El fin del debate Rusia-China

Hace diez años comparar los procesos de reforma en China y Rusia era una moda intelectual. ¿Era preferible empezar con la economía --intentar enriquecerse rápido pero sin hacer olas en lo político-- como los chinos, o era mejor empezar con lo político --recobrar la libertad y tal vez la prosperidad vendría después-- que parecía ser la ruta de Rusia bajo Mikhail Gorbachev y Boris Yeltsin?

Ahora ha empezado un nuevo debate comparativo. Esta vez el tema ya no es el de Rusia frente a China, porque Rusia dejó de ser un punto de comparación hace mucho. En cambio, el nuevo debate tiene que ver con los dos nuevos gigantes económicos, demográficos y políticos de Asia: China y la India. El crecimiento económico anual de China ha sido de aproximadamente el 8-9%; la India ha tenido tasas similares durante la última década.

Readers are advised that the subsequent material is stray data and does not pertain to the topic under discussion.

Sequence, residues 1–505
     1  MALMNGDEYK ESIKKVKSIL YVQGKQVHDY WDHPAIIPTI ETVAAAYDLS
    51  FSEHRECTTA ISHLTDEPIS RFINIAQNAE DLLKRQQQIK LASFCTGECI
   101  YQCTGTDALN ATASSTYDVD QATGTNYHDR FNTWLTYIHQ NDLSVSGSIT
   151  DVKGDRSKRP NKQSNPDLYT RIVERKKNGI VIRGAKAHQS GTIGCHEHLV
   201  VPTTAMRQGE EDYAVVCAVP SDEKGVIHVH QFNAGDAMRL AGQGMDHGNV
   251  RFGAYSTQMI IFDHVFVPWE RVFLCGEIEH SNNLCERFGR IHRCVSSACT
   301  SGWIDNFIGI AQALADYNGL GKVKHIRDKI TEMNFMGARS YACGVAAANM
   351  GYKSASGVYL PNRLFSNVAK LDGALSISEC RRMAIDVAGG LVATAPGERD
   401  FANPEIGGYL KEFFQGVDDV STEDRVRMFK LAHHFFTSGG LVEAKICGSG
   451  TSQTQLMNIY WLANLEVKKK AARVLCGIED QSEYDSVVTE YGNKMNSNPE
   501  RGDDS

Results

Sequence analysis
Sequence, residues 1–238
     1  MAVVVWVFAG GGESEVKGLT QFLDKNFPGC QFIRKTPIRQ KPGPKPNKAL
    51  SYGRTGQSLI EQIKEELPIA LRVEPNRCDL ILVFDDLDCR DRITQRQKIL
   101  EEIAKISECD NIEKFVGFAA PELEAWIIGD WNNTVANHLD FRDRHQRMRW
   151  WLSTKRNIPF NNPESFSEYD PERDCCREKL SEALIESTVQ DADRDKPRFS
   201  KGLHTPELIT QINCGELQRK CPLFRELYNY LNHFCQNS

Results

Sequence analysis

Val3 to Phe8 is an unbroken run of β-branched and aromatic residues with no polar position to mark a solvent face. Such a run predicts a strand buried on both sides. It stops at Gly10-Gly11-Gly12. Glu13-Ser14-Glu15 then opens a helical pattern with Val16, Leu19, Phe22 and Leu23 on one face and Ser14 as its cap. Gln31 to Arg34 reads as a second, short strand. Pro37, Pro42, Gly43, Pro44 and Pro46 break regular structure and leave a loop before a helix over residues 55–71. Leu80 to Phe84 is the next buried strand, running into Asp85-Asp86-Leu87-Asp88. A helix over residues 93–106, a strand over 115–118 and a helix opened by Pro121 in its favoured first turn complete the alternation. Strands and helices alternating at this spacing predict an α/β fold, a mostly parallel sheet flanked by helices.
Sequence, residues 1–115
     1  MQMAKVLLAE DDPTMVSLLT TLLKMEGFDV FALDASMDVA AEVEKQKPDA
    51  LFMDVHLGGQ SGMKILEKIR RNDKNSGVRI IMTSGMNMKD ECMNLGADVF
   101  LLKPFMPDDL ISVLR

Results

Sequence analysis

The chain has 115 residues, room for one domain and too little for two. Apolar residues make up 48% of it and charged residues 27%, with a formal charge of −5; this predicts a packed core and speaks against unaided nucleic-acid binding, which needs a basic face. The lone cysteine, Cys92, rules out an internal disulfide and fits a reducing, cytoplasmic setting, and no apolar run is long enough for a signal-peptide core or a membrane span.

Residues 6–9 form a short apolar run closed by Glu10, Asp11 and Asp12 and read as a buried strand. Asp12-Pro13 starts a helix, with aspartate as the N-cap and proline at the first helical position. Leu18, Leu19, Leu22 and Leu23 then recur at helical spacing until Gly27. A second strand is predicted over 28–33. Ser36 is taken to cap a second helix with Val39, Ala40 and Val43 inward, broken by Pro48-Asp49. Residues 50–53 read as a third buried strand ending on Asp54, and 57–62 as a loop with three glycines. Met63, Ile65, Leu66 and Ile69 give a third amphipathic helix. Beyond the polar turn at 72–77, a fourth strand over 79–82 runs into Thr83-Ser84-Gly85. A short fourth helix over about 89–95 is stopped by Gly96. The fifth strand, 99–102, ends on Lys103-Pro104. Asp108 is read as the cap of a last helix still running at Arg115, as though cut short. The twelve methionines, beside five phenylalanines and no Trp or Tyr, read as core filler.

En el "mundo plano" de la globalización --para tomar prestada la poderosa metáfora de Thomas Friedman-- parece que Rusia ya no tiene un lugar. Por supuesto, Rusia sigue siendo la segunda potencia nuclear del mundo y, como uno de los mayores exportadores de petróleo y gas, se beneficia de los altos precios actuales de los energéticos. Pero la población de Rusia está desapareciendo frente a nuestros ojos. Con un promedio de esperanza de vida para los hombres de apenas 57 años, el país está perdiendo cerca de 800,000 personas al año. En efecto, Rusia es más un frágil Estado productor de petróleo que un gigante económico en proceso de modernización.

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